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Working with the all-new Exchange Online Cmdlets

Jan 23, 2020 by Emma Robinson

Times have moved on a lot since the beginnings of PowerShell, and Remote PowerShell (RPS), which is still used by many for reporting on Exchange On-prem and Online. And as Tony Redmond outlined in his sessions at Microsoft Ignite in November, and Ignite the Tour London last week, Remote PowerShell, first released in 2010, is really starting to show its age. In this blog, we will highlight some of the key takeaways of this session, pointing to helpful resources for improving your experience with the new cmdlets backed by RESTful APIs.

Do you use PowerShell to run reports on Exchange Online in large or complex tenants? If so, our upcoming webinar is a must-watch. Co-hosted by two PowerShell experts and long-time Microsoft MVPs Vasil Michev and Ingo Gegenwarth Working with the new Exchange Cmdletswill include practical advice and demonstrations for running the all-new cmdlets against large Office 365 tenants. Listen to the session on-demand now.

There are a few reasons why you might see unreliable performance with Remote PowerShell when running against Exchange Online. Due to the nature of the cloud, you have an increased lack of control over connection stability – this can lead to network outages, domain controller changes, throttling, drops, and disconnects – resulting in timeouts and errors.

In this super speedy 15-minute session, Tony explored the arrival of 9 new cmdlets for Exchange Online and demoed the these against 30 mailboxes to show speed differences.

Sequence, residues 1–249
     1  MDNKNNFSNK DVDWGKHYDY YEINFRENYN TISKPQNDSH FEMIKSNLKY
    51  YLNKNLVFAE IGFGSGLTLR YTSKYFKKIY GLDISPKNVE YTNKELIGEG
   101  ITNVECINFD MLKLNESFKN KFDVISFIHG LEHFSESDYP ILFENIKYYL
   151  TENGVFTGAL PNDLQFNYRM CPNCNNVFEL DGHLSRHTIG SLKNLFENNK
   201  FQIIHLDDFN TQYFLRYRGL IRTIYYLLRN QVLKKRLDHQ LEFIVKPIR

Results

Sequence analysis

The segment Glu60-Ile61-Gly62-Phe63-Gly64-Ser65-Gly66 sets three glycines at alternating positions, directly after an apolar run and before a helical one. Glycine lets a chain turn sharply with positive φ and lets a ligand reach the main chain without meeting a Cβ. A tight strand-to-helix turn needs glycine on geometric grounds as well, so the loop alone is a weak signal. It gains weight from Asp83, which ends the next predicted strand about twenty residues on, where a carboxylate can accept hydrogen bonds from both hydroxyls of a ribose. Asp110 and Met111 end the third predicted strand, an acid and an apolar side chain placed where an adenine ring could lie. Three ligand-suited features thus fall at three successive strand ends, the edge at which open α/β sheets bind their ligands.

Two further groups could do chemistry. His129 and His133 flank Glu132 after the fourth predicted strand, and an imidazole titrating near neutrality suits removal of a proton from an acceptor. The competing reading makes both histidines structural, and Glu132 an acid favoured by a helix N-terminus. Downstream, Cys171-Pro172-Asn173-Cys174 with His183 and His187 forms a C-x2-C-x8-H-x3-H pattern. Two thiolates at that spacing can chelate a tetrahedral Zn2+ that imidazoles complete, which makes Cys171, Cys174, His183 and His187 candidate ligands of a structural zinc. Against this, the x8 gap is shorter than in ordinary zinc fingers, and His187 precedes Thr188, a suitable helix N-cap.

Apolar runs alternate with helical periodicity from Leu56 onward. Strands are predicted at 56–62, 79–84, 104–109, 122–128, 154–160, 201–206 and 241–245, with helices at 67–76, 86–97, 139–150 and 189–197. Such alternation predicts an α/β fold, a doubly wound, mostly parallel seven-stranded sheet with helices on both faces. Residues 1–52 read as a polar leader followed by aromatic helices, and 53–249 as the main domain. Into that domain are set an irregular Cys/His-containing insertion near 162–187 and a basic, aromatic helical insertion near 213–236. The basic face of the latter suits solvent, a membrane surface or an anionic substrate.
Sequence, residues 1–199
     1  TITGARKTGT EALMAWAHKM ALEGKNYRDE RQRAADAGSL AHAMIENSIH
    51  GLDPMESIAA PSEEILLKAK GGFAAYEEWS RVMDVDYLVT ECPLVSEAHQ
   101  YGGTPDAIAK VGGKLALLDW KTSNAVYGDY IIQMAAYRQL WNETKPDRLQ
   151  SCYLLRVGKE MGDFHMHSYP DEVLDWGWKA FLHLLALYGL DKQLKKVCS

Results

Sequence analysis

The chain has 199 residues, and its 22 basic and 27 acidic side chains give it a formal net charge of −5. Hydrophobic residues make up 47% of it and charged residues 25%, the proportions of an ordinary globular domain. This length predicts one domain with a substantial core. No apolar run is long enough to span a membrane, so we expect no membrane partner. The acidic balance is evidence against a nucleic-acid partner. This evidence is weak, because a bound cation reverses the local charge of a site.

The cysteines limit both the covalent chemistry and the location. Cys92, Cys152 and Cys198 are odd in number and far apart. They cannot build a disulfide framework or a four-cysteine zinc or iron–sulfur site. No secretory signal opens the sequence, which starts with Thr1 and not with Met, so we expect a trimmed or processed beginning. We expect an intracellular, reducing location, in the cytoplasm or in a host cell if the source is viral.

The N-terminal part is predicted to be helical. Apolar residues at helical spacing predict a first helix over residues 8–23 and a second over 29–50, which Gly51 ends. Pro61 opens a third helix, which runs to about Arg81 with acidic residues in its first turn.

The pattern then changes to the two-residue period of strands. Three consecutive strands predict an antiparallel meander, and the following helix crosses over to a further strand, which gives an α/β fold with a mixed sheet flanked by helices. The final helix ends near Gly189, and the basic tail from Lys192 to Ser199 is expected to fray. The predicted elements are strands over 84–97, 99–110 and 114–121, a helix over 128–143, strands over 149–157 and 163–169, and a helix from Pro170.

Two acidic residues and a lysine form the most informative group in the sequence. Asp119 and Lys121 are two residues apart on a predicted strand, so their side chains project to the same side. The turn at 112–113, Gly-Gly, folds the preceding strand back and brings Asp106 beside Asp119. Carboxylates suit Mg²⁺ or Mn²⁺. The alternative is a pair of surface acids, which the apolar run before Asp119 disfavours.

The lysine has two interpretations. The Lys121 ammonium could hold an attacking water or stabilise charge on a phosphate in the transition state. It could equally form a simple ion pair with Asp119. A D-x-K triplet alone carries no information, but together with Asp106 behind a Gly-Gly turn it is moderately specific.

All of the potential obstacles above serve to fuel excitements over the latest release: 9 Exchange Online cmdlets backed by RESTful APIs, designed to be faster and more efficient. If you have good eyesight you might be able to see some details for these new additions in the slide featured in the photo above, if it all seems a little blurry to you – I have replicated and elaborated below:

  • The new PowerShell module for Exchange Online management is stateless – which means it has no affinity to any specific mailbox server. ‘Fun’ fact, there are over 250,000 Exchange servers – meaning that affinity is not good news for speed or stability.
  • Rather than failing completely, the new cmdlets can retry and resume from the point of the last failure. This ability solves some of the issues we highlighted earlier as causes for failed scripts.
  • They are optimized for Azure Active Directory queries which means they connect to AAD much faster.
  • They offer intelligent property management. Exchange cmdlets return a high volume of properties which can slows things down, especially if you’re looking for something more specific. These new cmdlets prompt you to think about your query more carefully and only request what you need.
  • At the moment, only 9 cmdlets have been upgraded.
    • The upgraded cmdlets are:
      • Get-Mailbox.
      • Get-CASMailbox.
      • Get-Recipient.
      • Get-RecipientPermission.
      • Get-MailboxPermission.